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tv   Interview with Representative Nanette Barragan  CSPAN  February 7, 2017 7:40pm-7:51pm EST

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did not respond. >> i did not. >> the gentleman is out of order. >> let the gentleman yield. i think we need to come down here a little bit. >> all c-span program are available at either on our home page or searching the video library. >> c-span's talking with freshman members of congress. here is our interview with nanette barragan, a democrat from california. >> congresswoman nannette barragan representing california, democrat. tell us what you were doing before he ran for office. >> well, i was serving on the city council where i lived. i was practicing law. i had just gotten out of a fight, fighting an oil company that wanted to drill 34 injection mills into the santa monica bay. so that's a long fight and
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recovering from that bring got into this race. >> why law? why did you go into law practice? >> so when i was a kid my parents were poor. and my mom said you're a doctor or a lawyer. that's the only way you're going to get out of this world. and when i see blood, wanlt to pass out. so it was pretty easy for me. >> why did your parents say that? why do they have the outlook? >> you know, they just -- you know, they were not educated. my mom had a third grade education. from what she saw, you know, she came up with. that i don't really know how that happened. >> your parents immigrated from mexico. is that right? >> both of them, yes. >> what was that like for them and what impact do you think that had on them and how they raised you and your siblings? >> they came here for a better life for their children. so we would have that opportunity. and you hear the stories about how they struggled when they got here. and how they were working hard to make sure that we could go to college. and, you know, latino families,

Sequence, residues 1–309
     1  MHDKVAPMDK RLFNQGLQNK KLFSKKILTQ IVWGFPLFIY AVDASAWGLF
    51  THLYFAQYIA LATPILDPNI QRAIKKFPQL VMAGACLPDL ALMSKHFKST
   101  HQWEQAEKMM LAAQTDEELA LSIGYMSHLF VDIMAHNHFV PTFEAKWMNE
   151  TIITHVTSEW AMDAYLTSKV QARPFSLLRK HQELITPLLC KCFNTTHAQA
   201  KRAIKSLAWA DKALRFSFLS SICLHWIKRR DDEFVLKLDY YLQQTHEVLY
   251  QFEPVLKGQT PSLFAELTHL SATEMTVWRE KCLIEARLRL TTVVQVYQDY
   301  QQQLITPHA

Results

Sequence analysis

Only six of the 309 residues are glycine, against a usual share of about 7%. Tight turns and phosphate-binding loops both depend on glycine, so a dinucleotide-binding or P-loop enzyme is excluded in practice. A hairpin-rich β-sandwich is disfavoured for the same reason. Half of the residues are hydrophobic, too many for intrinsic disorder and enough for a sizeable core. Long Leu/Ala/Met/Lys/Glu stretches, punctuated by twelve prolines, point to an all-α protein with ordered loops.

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it's customary that you take care of your parents. and so that was one of their hopes. and for me, seeing their struggle has -- their own service, my father was a tv repairman, i sometimes he would go and he would fix tvs and people would say i can't afford to pay you. you would say that's okay. and that was i had form of service. so for me, it's always been about paying back what i was able to get. and so that has had a huge impact. now that i've made it, it has been about what can i do to help create opportunities for others? and expand that opportunity. because in my district, only 10% of students go on to college. >> what about your siblings? you were one of 11? >> i am the youngest of 11. >> yes. >> what was that like growing up? >> it was a very packed house all the time and very loud. i sometimes speak loud. people say i'm right here.
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it's okay. so it had quite an impact. it made me when i got to -- when i graduated from high school, it made me want to go away. and live in a small town. so i actually went to davis for my first year of undergraduate. which was very different than los angeles. but came back after a year. my father was ill at the time. >> was your family able to join you for the swearing in? >> yes, we had about 14 members of my family come out. so it was a big group. and it was my mother's first time in washington. she's never been here before. so that was real special. >> what was her reaction when she found out you won and to be here for the swearing in for her youngest of had 11 to become a member of congress? >> it was pretty emotional. i mean how my mom come and she's very emotional. she cries a lot. and then i cry. there was a the lot of that happening when i won and coming